The DB9 is highly customizable, especially when it comes to exterior paint. There's a rather large selection of colors to choose from (including Volante roof colors), plus you can request any paint code Aston Martin or any other manufacturer has ever used. You can match your car to a sample -- meaning your DB9 and velour jumpsuit can be twinsies. Also, the color of almost all interior leather surfaces can be made to order.
performance & mpg
The rear-wheel-drive 2009 Aston Martin DB9 is powered by a 6.0-liter V12 capable of 470 hp and 443 lb-ft of torque. A six-speed manual transmission and a six-speed automatic with paddle shifters are available. With either transmission or body style, acceleration is prodigious. According to Aston Martin, both manual- and automatic-equipped coupes go from zero to 60 mph in 4.6 seconds. The heavier convertible is a few ticks slower. In case you care, fuel economy with the automatic is 12 mpg city/19 mpg highway and 14 mpg combined.
Safety equipment on the 2009 DB9 includes antilock brakes, stability and traction control, front-seat side airbags (that protect head and torso) and rear parking sensors. Front parking sensors are optional. The Volante convertible comes standard with automatically deploying rollover hoops.
The 2009 Aston Martin DB9 is striking for how easy it is to drive. The clutch is light and short in travel, and the shifter snicks through the gates with precision. The automatic transmission is remarkably smooth, and its manual-mode paddle shifts are quick and now feature rev-matching downshifts. The steering is light and precise, although don't expect Ferrari accuracy and feel. As exotic GTs go, the DB9 is generally exhilarating to drive, as it changes direction easily and responds smartly to steering and braking inputs. Best of all, it still manages to offer a compliant ride that makes it one of the few exotic sports cars you'd look forward to driving cross country.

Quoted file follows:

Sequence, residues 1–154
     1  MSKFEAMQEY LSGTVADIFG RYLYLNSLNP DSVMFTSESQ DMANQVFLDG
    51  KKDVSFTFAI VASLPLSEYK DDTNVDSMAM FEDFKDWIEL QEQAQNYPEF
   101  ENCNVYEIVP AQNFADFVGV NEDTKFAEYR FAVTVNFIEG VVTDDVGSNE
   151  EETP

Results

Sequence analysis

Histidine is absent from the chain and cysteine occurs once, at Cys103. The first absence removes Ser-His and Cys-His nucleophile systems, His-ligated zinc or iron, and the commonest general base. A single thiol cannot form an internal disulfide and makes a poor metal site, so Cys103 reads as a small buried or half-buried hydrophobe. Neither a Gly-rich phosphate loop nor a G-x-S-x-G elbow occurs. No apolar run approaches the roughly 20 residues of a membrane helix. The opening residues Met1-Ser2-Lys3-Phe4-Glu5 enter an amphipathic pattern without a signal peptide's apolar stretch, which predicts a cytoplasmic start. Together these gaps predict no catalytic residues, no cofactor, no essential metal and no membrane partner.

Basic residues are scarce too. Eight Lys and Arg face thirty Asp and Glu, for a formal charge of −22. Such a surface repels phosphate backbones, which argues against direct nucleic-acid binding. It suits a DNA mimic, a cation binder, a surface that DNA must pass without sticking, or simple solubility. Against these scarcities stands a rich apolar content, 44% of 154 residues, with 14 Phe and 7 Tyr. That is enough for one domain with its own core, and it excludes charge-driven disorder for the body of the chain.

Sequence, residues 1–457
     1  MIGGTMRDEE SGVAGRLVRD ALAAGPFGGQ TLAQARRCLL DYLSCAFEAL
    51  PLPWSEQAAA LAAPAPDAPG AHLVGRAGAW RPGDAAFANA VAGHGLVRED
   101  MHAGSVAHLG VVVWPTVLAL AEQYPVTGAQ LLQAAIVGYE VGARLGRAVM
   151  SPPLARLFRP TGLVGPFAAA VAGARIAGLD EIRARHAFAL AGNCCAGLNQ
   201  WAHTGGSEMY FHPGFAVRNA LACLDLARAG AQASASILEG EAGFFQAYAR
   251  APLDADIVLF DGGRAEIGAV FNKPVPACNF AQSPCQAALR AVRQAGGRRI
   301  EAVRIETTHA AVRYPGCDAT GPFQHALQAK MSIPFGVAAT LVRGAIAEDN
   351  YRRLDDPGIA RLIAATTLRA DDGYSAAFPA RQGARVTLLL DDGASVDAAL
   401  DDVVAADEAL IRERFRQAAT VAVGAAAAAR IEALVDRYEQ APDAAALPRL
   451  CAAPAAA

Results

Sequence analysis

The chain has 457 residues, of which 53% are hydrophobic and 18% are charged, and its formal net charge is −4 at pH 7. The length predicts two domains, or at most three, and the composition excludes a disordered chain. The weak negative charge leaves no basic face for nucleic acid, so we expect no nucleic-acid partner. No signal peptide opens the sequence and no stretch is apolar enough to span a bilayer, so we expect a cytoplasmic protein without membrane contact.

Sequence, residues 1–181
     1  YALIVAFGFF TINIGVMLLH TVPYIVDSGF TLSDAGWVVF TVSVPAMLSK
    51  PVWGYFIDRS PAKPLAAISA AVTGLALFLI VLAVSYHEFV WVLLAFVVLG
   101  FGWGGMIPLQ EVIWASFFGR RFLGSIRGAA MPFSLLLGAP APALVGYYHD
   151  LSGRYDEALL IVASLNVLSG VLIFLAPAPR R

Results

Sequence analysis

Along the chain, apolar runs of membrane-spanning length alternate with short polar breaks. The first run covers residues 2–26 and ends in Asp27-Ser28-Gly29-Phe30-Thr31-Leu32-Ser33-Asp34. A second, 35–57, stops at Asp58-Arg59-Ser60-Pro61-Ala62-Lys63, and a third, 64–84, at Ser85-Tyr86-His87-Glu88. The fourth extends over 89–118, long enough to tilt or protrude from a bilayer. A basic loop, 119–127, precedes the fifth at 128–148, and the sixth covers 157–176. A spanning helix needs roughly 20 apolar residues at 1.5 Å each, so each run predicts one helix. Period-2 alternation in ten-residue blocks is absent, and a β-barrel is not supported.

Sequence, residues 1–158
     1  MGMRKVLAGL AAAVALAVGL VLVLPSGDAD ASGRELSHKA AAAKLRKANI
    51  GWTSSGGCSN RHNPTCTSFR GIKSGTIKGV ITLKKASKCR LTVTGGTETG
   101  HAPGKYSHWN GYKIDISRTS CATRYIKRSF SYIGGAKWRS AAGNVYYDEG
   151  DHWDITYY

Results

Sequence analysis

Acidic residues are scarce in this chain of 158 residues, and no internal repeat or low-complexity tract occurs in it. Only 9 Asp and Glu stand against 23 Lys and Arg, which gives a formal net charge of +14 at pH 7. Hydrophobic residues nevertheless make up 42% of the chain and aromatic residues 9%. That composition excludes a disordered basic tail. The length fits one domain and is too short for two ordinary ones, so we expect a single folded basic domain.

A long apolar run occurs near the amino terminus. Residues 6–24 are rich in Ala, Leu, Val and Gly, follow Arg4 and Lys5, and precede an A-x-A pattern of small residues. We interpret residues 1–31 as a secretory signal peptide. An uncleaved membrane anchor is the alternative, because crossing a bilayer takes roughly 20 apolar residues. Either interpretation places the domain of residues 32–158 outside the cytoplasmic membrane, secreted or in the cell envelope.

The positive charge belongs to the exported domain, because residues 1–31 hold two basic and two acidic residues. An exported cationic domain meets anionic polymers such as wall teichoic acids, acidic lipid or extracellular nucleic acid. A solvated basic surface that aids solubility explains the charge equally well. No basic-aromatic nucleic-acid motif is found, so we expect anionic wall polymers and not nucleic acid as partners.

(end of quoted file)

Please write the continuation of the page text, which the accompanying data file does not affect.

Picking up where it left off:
Still, driving enthusiasts should note that the DB9 Volante's less rigid body not only makes it jiggle over rough surfaces but also forces it to have a softer suspension, making it more of a boulevard cruiser. Enthusiasts interested in the coupe should make sure they specify the Sports Pack option, as it exhibits better steering feel, sharper turn-in response and better ride control over midcorner bumps.
It's difficult to find a surface in the DB9 that's not covered in soft leather, while wood, piano black, alloy trim and even sapphire crystal fill in the blanks. Easily deciphered buttons combine with a central LCD screen to create a more-user-friendly and better-looking interface than that of last year's DB9. Still, we wish they had ditched the metallic electroluminescent gauges that strangely rotate in opposite directions (the tach goes the wrong way) and feature a speedometer with such a huge range and tiny numbers that it's rendered practically useless. Luckily, there's a digital speedometer in the trip computer.
The driver seat is marvelously comfortable, with ample leg- and headroom for taller drivers. Unfortunately, the four-way power passenger seat doesn't offer the same amount of adjustability and therefore comfort. The two rear seats are glorified partial shelves, while the trunk offers enough room for a set of golf clubs and a suitcase. The cabin's decent visibility makes it less onerous feeling than some other exotics.
edmunds expert review process
This review was written by a member of Edmunds' editorial team of expert car reviewers. Our team drives every car you can buy. We put the vehicles through rigorous testing, evaluating how they drive and comparing them in detail to their competitors.
We're also regular people like you, so we pay attention to all the different ways people use their cars every day. We want to know if there's enough room for our families and our weekend gear and whether or not our favorite drink fits in the cupholder. Our editors want to help you make the best decision on a car that fits your life.